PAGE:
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In both December and in the beginning of January our liturgical focus includes readings on John the Baptist. As the bridge between the Old and the New Testament, the last of the Old Testament prophets, John is a great model for us from his example of how to combine humility (in how he saw himself) and boldness (in how he stood up for our Lord). These two traits might ordinarily seem to be at odds with each other, but in John’s case they work together quite well.
John gives us his view about his mission in salvation history when he says of himself, while referring to Jesus in St. John the Evangelist’s Gospel, in acknowledging the importance of keeping Christ front and center in his life, “He must increase, but I must decrease” (John 3:30).
This should apply to us as well! Such thinking can also help each of us fight that envy for others that can keep us from seeing and doing God’s will!
Admittedly however, John’s boldness led to his untimely execution after his having been imprisoned for calling out Herod Antipas, the tetrarch of Galilee, for marrying his brother Philip’s divorced wife Herodias in violation of Mosaic law, among other things.
But in this regard John was martyred by speaking truth to power much like our Lord and His apostles, disciples, and many great saints both in that century, the 1st century, and in those that followed!
We see from the very beginning of John the Baptist’s life someone who is truly Christ centered. We read in Luke’s Gospel how John leapt for joy in the womb of his mother Elizabeth, upon hearing the sound of our Blessed Mother Mary’s voice, when Mary came to help her, recognizing our Lord’s presence in Mary’s womb (Luke 1:44).
Upon John’s birth his father Zachary (also known as Zachariah) was inspired to make this glowing prediction about his son in his familiar canticle also found in Luke’s Gospel (1:76-80):
“And you, child, will be called the prophet of the Most High; for you will go before the Lord to prepare his ways, to give knowledge of salvation to his people in the forgiveness of their sins, through the tender mercy of our God, when the day shall dawn upon us from on high to give light to those who sit in darkness and in the shadow of death, to guide our feet into the way of peace."
Along these lines, John the Baptist referred to himself in St. John the Evangelist’s gospel as “the voice of one crying in the wilderness, 'Make straight the way of the Lord,' as the prophet Isaiah said" (John 1:23).
We see John, as recorded in different ways in all four Gospels, preaching “a baptism of repentance for the forgiveness of sins” (Luke 3:3). Such is his devotion to Jesus that when asked if he himself is the long awaited Messiah he responds that he is not but rather “one he who is mightier than I is coming, the thong of whose sandals I am not worthy to untie” (Luke 3:16), namely Jesus!
Nonetheless, John is not shy on calling out those engaged in ungodly practices. He reproaches Pharisees and Saduccees alike for their sense of entitled holiness as children of Abraham by saying God can raise up children of Abraham from stones (Luke 3:8).
John also answers those who ask what they should do, in a thoroughly Christ-like fashion "He who has two coats, let him share with him who has none; and he who has food, let him do likewise." (Luke 3:11)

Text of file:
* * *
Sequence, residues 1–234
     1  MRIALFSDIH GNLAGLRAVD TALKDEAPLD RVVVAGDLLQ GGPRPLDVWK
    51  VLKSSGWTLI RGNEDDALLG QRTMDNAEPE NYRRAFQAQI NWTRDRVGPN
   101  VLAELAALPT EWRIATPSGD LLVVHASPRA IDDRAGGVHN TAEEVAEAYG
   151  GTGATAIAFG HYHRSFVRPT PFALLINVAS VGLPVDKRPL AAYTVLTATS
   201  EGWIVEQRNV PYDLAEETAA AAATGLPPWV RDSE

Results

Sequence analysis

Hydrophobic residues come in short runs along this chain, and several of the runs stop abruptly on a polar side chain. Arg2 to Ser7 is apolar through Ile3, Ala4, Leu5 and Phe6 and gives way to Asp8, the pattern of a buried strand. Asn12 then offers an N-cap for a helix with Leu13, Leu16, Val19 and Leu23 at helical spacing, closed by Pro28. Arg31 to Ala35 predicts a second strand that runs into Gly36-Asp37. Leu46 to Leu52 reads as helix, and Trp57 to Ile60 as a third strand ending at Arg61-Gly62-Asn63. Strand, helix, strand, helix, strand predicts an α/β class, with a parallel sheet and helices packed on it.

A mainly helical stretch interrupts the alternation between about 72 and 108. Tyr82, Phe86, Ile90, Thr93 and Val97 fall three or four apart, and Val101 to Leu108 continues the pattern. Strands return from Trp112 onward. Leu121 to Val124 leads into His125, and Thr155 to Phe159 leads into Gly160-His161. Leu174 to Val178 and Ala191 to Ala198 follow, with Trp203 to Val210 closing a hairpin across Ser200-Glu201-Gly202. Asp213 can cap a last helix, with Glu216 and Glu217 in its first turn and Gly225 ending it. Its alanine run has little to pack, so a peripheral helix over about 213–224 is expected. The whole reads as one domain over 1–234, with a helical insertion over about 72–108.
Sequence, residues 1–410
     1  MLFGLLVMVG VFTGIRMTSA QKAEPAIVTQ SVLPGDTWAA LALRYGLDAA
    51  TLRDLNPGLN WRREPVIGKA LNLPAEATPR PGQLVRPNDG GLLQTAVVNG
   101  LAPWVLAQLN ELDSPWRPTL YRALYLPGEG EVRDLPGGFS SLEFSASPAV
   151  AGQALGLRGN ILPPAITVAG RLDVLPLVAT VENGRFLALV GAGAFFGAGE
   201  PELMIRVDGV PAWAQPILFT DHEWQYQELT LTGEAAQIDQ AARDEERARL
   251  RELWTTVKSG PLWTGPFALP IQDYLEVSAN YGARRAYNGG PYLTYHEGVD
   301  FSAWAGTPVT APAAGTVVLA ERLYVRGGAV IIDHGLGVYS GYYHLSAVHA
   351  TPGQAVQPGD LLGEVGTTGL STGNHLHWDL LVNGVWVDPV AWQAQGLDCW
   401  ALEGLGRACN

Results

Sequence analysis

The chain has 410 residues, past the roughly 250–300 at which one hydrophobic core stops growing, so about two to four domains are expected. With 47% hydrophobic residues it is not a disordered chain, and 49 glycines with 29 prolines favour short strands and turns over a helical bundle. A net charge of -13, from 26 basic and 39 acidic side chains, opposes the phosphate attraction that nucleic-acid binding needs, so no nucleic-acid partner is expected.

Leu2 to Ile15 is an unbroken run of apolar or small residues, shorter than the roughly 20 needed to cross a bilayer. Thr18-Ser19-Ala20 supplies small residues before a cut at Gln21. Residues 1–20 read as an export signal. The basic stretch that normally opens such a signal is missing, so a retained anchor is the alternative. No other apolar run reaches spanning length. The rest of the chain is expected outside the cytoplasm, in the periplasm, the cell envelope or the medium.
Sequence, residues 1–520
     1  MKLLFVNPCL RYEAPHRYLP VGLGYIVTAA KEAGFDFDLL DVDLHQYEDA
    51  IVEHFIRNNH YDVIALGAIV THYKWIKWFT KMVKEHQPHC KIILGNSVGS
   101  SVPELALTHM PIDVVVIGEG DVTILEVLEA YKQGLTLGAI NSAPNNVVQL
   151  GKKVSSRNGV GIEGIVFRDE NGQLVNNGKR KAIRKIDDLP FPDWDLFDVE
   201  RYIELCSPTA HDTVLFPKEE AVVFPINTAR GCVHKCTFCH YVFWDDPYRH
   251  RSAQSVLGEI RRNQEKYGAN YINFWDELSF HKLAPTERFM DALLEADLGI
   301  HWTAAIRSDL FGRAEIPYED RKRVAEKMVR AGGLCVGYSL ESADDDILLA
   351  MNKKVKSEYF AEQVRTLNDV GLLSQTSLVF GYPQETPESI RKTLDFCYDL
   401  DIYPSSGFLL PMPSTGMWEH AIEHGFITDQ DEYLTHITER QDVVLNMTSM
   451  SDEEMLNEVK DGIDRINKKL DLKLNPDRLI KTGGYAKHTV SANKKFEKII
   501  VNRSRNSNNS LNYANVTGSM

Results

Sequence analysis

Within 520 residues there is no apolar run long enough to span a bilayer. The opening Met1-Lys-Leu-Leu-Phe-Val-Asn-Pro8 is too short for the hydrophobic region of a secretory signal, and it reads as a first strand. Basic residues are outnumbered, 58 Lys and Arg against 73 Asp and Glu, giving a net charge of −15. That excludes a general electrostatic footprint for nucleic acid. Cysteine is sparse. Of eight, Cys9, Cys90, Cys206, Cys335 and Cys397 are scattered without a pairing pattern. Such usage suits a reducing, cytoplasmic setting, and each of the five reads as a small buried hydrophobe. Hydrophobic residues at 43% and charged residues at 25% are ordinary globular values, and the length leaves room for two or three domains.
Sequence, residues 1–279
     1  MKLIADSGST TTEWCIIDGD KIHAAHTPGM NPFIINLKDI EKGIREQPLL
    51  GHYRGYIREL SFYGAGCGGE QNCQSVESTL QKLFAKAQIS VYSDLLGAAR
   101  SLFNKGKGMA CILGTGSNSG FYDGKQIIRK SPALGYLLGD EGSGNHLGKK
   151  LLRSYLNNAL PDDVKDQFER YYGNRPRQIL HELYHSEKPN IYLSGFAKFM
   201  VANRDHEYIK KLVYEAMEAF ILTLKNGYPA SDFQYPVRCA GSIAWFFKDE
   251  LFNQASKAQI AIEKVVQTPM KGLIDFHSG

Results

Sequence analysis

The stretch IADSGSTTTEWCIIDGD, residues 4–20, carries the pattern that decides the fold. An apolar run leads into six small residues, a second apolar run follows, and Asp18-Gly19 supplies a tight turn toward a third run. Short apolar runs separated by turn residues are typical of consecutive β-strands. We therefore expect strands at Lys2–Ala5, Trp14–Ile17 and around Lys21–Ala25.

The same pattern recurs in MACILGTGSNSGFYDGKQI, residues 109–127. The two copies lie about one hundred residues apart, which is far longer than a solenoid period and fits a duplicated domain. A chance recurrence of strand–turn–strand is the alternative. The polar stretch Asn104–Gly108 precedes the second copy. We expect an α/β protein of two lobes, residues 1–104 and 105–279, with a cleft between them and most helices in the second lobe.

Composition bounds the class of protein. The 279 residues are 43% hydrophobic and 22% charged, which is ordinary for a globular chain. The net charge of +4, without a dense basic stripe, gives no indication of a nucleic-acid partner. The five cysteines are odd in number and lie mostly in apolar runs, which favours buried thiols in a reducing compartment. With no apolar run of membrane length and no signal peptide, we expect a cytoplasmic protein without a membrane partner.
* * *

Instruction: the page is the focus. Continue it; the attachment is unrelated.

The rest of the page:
John also tells tax collectors coming to be baptized "Collect no more than is appointed you." (Luke 3:13) (This advice is particularly pertinent considering the shady reputation tax collectors had in 1st century Palestine!) And he tells soldiers, "Rob no one by violence or by false accusation, and be content with your wages"(Luke 3:14).
It is in St. John the Evangelist’s Gospel that St. John the Baptist sums up his mission with these words about Jesus mentioned earlier. that we can also adopt as our own, ultimately, starting first with his denial of his being the Messiah following his bona fides and his motto: “I am not the Christ, but I have been sent before him…He must increase, but I must decrease" (John 3:28, 30).
The challenge especially these days for us all is to remember Christ in Christianity and how he calls us to follow Him in prayer and living a sacramental life by giving Him heart service, not just lip service.
The great Surrender Novena has this stirring recurring line that one can say in prayer often: “Oh Jesus I surrender myself to you, take care of everything!”
The great British author C. S. Lewis touched on this idea in his classic work Mere Christianity when he wrote that when Christians “speak of being ‘in Christ’ or of Christ being ‘in them’, this is not simply a way of saying that they are thinking about Christ or copying Him. They mean that Christ is actually operating through them; that the whole mass of Christians are the physical organism through which Christ acts — that we are. His fingers and muscles, the cells of His body.” Indeed, aren’t we in His church, inspired by the words of St. Paul (1 Cor 12:27) His Mystical Body, with our Lord as its Head (Col 1:18)?
Keep in mind that we are not to think of God as some sort of Divine watchmaker who puts us together and then leaves us to do whatever we wish.
Jesus wants in in our lives as much as we will let Him, and the more we do so the more He can help us with the graces we sorely need to cope in bad times (such as those we are in now) and rejoice in His peace in good ones!
Now more than ever, keep Christ front and center in your life as fully as possible in prayer, the sacramental life, and how you treat others.
Don’t be one of those of whom Mahatma Gandhi, the Hindu leader from India, has been reported to have said “I don't reject your Christ. I love your Christ. It is just that so many of you Christians are so unlike your Christ."